How to treat anxiety disorder – Every time I think my anxiety is gone for good, it comes back worse than before. Can you help me?
From time to time I get an email asking for advice on how to make the anxiety go away. For some reason, I’m reminded of a rude houseguest or a family member that lingers and looms. Perhaps the connection isn’t completely off base.
For the most part, anxiety is a condition that comes and goes. But for some, anxiety never goes away completely. That’s the bad news. The good news is you can manage the symptoms so they don’t manage you. If it’s helpful, consider your anxiety as a chronic condition that needs constant monitoring. Miss a day of treatment and you may throw your system off. Having a plan means your daily To-do list includes anti-anxiety strategies.
Because anxiety can occur at three levels: brain, behavior and subjective experience, it makes sense to tackle numerous fronts.
How to treat anxiety disorder
Here are 9 things you can do to treat anxiety disorder
I. Outsmart Your Brooding Ways
1. Fire the “What-ifs Committee” inside your brain. One of the most difficult tasks is talking yourself out of the foreboding and menacing danger which (you think) threatens you. In reality, your fear is not menacing, and may not even exist. Anxiety is not actually fear because fear is based on something right in front of you, a real and objective danger. Becoming aware of defaulting to worst-case scenarios will help you avoid being trapped in an endless loop of what-ifs.
2. Control your inner dialogue. Check your vocabulary for unhealthy words such as hate, stupid, always, never, ugly, unlovable, defective, and broken. Replace black-or-white language with more neutral terms.
3. Fall in love with the Cognitive-Behavioral Triangle. Anxious people often feel “attacked” by their feelings. In reality, feelings come after a thought. Being aware of your thought process is crucial, especially because some thoughts are core beliefs or internalized scripts that are ingrained and automatic. If you struggle with overreacting in the heat of the moment, it’s likely because unhealthy feelings lead to the same old’ unhealthy behaviors. Remember the following diagram:
Thoughts —> Feelings —> Behaviors
For extra support about rewiring your thoughts, check out this in-depth article.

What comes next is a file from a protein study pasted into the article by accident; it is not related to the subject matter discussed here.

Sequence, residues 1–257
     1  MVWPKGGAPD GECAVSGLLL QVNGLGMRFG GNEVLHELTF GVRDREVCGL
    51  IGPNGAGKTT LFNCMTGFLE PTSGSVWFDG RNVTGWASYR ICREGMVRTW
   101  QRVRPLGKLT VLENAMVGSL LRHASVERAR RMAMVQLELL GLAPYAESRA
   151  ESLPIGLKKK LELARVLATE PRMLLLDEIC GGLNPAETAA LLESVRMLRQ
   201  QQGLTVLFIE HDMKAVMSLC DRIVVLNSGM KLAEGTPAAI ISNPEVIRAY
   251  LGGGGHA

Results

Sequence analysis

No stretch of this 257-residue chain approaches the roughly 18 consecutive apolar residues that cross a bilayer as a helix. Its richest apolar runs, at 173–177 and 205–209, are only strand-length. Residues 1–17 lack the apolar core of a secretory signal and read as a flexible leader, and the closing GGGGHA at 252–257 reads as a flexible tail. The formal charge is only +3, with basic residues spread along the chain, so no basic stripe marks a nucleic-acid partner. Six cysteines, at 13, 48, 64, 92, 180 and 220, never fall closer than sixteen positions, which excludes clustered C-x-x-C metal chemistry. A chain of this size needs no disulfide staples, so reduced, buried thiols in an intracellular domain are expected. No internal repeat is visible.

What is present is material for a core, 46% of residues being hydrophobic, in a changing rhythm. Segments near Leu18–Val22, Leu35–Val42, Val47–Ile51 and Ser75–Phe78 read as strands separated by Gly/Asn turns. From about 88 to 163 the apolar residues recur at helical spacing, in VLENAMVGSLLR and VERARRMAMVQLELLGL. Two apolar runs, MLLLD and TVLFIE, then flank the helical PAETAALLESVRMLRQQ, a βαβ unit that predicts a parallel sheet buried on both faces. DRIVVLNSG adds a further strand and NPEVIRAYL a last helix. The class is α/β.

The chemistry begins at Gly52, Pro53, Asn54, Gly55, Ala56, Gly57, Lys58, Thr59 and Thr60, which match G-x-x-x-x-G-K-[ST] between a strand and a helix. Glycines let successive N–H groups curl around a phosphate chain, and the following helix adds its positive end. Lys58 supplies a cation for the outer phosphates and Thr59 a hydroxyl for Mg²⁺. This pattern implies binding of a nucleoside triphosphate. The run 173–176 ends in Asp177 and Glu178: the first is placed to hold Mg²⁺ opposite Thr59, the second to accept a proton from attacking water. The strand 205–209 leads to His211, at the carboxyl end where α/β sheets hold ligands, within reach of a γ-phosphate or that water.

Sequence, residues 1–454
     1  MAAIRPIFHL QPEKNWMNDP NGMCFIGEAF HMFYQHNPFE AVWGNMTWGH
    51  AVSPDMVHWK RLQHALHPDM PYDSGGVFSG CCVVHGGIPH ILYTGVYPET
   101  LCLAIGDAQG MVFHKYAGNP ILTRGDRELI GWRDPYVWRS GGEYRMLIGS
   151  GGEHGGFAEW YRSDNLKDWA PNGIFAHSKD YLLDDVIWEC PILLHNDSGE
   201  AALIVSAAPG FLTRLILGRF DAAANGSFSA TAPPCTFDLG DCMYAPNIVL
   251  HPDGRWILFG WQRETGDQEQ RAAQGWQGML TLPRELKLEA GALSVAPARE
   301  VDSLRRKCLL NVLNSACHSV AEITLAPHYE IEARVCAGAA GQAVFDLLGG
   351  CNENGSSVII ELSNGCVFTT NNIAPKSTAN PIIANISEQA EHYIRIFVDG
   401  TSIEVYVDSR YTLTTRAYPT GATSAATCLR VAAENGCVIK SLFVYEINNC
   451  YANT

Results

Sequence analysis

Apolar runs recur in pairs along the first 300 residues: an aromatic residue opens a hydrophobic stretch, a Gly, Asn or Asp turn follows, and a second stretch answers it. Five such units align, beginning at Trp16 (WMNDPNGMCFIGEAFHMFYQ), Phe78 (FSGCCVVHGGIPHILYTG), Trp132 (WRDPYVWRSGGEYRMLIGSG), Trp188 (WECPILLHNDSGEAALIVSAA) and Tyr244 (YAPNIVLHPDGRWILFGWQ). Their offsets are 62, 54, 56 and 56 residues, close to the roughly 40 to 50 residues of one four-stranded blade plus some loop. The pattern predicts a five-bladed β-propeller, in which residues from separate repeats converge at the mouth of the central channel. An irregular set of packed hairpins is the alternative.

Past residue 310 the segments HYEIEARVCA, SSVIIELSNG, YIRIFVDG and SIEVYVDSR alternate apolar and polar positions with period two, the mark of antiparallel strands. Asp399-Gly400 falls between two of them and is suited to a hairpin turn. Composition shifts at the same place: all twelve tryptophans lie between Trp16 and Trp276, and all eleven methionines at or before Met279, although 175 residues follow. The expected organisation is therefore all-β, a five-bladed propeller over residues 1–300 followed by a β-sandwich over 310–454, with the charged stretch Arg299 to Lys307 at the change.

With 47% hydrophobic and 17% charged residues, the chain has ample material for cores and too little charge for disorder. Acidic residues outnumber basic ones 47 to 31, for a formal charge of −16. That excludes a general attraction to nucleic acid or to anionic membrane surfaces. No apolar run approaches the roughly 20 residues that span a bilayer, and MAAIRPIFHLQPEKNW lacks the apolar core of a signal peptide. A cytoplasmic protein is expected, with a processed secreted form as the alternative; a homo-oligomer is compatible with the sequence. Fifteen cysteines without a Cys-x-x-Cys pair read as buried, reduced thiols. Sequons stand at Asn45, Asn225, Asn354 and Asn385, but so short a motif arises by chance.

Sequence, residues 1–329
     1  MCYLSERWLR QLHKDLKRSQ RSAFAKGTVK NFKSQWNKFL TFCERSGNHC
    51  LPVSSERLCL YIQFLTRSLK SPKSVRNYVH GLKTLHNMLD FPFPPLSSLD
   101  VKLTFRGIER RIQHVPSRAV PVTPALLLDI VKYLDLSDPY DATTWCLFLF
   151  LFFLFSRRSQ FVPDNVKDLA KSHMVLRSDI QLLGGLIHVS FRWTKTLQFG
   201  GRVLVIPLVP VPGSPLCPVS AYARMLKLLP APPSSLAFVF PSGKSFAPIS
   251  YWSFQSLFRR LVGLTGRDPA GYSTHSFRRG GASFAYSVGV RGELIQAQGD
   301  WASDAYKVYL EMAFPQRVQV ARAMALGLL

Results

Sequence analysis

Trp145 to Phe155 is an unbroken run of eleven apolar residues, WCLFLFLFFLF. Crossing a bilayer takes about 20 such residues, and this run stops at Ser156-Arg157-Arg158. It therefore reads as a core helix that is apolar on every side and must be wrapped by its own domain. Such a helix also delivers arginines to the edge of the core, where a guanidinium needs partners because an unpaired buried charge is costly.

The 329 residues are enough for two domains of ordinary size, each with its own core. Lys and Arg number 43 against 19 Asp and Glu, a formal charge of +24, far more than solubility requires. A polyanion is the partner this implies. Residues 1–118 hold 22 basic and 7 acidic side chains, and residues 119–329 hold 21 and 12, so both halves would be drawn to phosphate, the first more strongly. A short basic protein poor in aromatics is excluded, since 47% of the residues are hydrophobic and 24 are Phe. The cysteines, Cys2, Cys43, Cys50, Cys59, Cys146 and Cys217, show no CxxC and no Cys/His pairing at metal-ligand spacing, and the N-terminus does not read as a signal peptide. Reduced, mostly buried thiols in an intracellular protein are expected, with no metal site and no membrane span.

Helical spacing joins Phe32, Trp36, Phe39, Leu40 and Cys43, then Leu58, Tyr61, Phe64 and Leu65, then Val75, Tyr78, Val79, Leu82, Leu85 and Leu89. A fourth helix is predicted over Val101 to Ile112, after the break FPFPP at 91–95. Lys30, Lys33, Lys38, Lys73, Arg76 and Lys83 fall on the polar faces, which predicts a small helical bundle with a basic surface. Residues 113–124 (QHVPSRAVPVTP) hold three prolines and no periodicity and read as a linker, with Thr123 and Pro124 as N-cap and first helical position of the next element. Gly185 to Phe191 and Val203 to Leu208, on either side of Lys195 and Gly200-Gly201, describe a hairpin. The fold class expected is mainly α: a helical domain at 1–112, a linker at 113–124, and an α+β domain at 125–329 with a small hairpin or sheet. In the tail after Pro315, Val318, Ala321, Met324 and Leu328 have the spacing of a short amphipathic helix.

II. Behavioral Strategies
1. Meditate to promote mindfulness. Your mind simply cannot become calm, confident and clear, if you do not pay attention to paying attention:
You can’t stop boredom from bothering you if you don’t realize you’re checking out in the first place
You can’t overcome avoidance if you don’t recognize you’re dreading reality this very moment
You can’t practice steps to feel calm if you don’t listen to your body’s stress signals
This short video offers beginner tips on meditation.
2. Be where you are. One of my favorite anxiety hacks is giving 100% of my attention to the task at hand. For example, if I’m helping my son with his homework, I put everything else aside and focus my attention on quizzing him on vocabulary words. I don’t try and cook dinner or check email during this time because multi-tasking is bad for the brain. According to a recent time.com article:
“Every time you switch your focus from one thing to another, there’s something called a switch-cost,” says Dr. Earl Miller, a professor of neuroscience at Massachusetts Institute of Technology. “Your brain stumbles a bit, and it requires time to get back to where it was before it was distracted.
One recent study found it can take your brain 15 to 25 minutes to get back to where it was after stopping to check an email.”
3. Work faster. I know, this seems downright counterintuitive to all the anxiety advice about slowing down and paying attention. But working more quickly and efficiently saves time because trusting your skills and talents means you don’t get sucked into the perfectionist trap.
III. Healthy Lifestyle Habits
1. Breathe. Slow and deep breathing is the cornerstone of calm. Start by breathing in and out slowly. After a few seconds practice the 4-4-4: Inhale for a count of four, hold for a count of four, then exhale for a count of four. Let the breath flow in and out effortlessly. Repeat four times.
2. Drink more water. Dehydration may affect anxiety in a variety of ways. One sign is that your body starts to function improperly: Hormone distribution is impacted because of poor blood flow, muscles may tense up, and your brain may weaken or change as a result of water loss.
3. Make sleep a priority. Our culture celebrates those who work hard and play hard, but there’s a price. If you’re irritable, sluggish and drained, chances are you’re sleep deprived.
The National Sleep Foundation (NSF), along with a multi-disciplinary expert panel, issued its new recommendations for appropriate sleep duration. Here are the adult recommendations:
Younger adults (18-25): 7-9 hours
Adults (26-64): 7-9 hours
Older adults (65+): 7-8 hours
In short, seeing your own worry list as a problem to be solved each and every day means minimizing unnecessary anxiety. Best of all, you’re harnessing your excess energy to get things done.
Copyright 2015 Linda Esposito, LCSW